legolas and eowyn

In 2989 Théodwyn married Éomund of Eastfold, the chief Marshal of the Mark. Her son Éomer was born in 2991, and her daughter Éowyn in 2995. At that time Sauron had arisen again, and the shadow of Mordor reached out to Rohan. Orcs began to raid in the eastern regions and slay or steal horses. Others also came down from the Misty Mountains, many being great uruks in the service of Saruman, though it was long before that was suspected. Éomund's chief charge lay in the east marches; and he was a great lover of horses and hater of Orcs. If news came of a raid he would often ride against them in hot anger, unwarily and with few men. Thus it came about that he was slain in 3002; for he pursued a small band to the borders of the Emyn Muil, and was there surprised by a strong force that lay in wait in the rocks.

Not long after Théodwyn took sick and died to the great grief of the king. Her children he took into his house, calling them son and daughter. He had only one child of his own, Théodred his son, then twenty-four years old; for the queen Elfhild had died in childbirth, and Théoden did not wed again. Éomer and Éowyn grew up at Edoras and saw the dark shadow fall on the halls of Théoden. Éomer was like his fathers before him; but Éowyn was slender and tall, with a grace and pride that came her out of the South from Morwen of Lossarnach, whom the Rohirrim had called Steelsheen.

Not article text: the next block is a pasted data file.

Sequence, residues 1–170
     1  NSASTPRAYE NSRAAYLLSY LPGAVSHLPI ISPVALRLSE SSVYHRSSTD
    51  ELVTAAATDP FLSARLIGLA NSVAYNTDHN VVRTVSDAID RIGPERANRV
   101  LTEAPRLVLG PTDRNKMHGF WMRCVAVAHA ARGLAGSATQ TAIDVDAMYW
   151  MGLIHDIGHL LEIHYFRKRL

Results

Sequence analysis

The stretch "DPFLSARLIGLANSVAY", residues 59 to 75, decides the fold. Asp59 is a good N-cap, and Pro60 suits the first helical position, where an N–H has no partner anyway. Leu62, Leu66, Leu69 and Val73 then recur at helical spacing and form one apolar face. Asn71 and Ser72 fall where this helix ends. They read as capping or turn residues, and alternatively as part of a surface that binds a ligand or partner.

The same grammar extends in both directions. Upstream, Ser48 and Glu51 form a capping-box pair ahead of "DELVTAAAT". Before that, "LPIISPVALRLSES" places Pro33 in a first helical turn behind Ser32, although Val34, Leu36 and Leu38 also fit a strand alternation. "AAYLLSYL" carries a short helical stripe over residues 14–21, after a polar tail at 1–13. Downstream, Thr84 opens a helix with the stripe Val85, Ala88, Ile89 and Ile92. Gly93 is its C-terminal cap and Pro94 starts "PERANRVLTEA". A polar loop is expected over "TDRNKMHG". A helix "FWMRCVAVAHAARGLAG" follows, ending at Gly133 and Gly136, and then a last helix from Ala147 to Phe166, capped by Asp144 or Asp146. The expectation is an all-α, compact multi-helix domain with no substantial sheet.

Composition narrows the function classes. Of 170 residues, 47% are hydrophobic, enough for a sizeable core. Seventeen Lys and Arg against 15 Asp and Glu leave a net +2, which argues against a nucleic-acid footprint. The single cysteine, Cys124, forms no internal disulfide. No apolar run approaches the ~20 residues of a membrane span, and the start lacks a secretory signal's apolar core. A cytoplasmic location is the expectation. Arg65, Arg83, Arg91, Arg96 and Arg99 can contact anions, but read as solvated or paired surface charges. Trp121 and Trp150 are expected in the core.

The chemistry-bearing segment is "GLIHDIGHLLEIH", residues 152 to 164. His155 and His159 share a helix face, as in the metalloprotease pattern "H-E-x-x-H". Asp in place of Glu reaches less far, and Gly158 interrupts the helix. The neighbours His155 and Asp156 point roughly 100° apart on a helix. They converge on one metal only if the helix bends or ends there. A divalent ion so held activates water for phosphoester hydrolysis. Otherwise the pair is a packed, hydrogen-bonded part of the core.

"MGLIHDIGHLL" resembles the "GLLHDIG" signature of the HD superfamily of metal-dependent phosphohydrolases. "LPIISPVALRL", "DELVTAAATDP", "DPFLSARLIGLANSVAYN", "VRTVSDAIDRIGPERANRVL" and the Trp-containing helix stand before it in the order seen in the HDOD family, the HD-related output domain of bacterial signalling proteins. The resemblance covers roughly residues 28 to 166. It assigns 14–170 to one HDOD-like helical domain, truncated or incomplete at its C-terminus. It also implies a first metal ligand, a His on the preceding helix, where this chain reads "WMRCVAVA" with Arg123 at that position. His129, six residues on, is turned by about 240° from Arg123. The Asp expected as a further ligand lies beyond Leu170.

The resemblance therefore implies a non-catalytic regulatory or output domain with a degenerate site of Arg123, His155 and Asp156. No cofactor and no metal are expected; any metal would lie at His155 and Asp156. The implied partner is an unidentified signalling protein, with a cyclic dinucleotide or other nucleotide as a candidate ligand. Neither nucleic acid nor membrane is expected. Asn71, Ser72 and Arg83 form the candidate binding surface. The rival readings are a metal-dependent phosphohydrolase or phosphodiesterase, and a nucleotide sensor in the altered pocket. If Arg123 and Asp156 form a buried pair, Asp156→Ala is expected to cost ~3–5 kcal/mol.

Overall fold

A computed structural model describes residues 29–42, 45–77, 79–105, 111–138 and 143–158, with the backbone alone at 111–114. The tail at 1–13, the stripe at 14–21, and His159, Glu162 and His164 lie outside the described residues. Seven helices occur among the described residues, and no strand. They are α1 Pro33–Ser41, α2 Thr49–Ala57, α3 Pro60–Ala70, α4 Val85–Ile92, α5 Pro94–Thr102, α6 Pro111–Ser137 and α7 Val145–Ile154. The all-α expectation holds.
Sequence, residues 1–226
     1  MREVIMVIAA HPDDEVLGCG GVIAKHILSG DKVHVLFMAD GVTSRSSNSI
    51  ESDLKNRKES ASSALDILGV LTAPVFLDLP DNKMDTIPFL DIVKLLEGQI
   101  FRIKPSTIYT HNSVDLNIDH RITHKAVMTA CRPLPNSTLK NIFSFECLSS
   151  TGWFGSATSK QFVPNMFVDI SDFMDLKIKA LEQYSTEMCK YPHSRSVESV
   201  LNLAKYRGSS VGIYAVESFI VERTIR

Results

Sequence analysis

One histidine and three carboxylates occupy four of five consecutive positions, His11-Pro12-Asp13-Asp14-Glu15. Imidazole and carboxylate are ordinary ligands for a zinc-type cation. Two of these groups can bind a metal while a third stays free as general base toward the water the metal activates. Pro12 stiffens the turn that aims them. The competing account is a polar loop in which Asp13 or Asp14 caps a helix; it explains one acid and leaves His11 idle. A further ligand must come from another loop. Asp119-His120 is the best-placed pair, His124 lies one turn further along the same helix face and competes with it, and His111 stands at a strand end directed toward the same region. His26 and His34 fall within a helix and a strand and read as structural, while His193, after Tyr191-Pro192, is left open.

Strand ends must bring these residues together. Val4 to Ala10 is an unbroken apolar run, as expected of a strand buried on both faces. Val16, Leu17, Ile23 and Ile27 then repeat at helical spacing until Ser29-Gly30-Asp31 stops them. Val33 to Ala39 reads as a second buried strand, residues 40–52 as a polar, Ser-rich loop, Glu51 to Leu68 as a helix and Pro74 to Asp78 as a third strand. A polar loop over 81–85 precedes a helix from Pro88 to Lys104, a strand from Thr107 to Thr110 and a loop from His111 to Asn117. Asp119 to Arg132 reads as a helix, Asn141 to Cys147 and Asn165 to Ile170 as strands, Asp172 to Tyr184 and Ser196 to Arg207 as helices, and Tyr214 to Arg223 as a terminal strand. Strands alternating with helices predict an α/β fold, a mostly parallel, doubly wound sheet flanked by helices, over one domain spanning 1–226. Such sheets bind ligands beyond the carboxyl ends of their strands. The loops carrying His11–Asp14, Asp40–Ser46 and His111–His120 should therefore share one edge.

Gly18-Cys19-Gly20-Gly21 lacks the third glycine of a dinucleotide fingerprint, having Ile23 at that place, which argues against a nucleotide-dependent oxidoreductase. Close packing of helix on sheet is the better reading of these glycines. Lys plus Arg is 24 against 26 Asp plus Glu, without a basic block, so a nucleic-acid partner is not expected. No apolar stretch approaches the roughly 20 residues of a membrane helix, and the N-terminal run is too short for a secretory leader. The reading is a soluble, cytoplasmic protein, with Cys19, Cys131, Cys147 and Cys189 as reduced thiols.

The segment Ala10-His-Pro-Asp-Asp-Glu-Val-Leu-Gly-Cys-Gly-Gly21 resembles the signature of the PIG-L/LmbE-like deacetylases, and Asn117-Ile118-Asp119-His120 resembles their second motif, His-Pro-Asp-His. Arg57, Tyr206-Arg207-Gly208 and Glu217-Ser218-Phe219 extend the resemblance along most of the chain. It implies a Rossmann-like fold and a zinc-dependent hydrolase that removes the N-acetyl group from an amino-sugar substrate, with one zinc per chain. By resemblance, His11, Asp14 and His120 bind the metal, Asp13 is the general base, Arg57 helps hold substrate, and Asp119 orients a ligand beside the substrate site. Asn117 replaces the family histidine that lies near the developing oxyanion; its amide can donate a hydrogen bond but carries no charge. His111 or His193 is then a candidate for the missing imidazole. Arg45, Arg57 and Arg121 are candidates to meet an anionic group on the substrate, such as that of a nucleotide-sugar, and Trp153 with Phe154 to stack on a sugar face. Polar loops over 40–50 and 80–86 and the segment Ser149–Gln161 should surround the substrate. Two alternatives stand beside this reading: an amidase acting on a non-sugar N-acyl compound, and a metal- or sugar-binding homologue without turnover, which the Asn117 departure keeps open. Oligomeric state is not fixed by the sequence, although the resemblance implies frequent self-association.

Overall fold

JRR Tolkien, The Return of the King, Appendix A.


Her mother lies at Edoras, beside her father, with their ancestors; his mother lies in Mirkwood, alone amongst the living.

“I cannot believe that Aredhel told you that,” whispered Legolas. “There should be a law to prevent an elf’s first sweetheart slandering him before his betrothed.”

Eowyn smiled. “Is it a slander to say that a young elf was gentle and considerate—”

“And squealed like an elleth when she—touched him?”

Eowyn pushed herself up on one elbow and peered down at him. It was dark—moonless—outside her hut, and she could see little more of him than a vague shape amidst a pool of velvety blackness, but she knew that—with his keen elven sight—he could see her clearly. “How old were you?”

“About twenty-five.”

“Is that young?”

“Well, I suppose I would have been like… Lord Colgan’s son.”

“Who must be seven or eight,” said Eowyn. “So, quite young.”

“My father had explained the facts of life to me—after I asked him why my horse was climbing on another horse’s back,” said Legolas; and Eowyn could almost feel the hot blush staining his cheeks.

She smiled. “But?”

“He told me that, with elves, it only happened if the elf really loved the elleth.”

“That was clever—he was not telling you a lie, exactly, nor forbidding you, but discouraging you from experimenting too soon.” She felt Legolas’ hand gently brush her hair over her shoulder and her smile broadened. “No wonder you were shy with Aredhel.”

She leaned forward, inviting him to draw her closer, and felt his hand slide obligingly down her back. “Her father told me a story too.”

“About me?” Legolas kissed the top of her head. “Not about my sexual inadequacies, surely?”

“No!” Chuckling, she found his hand and twined her fingers in his. “He told me that he once came upon you toddling along with a big bow and quiver in your arms, adamant that you were going to teach your father how to use them! You could not be dissuaded.”

She felt Legolas’ chest rise and fall, and heard his quiet sigh.

“Lassui?” She raised her head. “What is it?”

“I remember that, too,” he said.

She squeezed his hand. “It is a painful memory! I am so sorry—”

“No… No, melmenya.” He kissed her fingers in the darkness. “I was trying to cheer my father—I thought that archery would make him forget. It was the sort of foolish thing a child does.”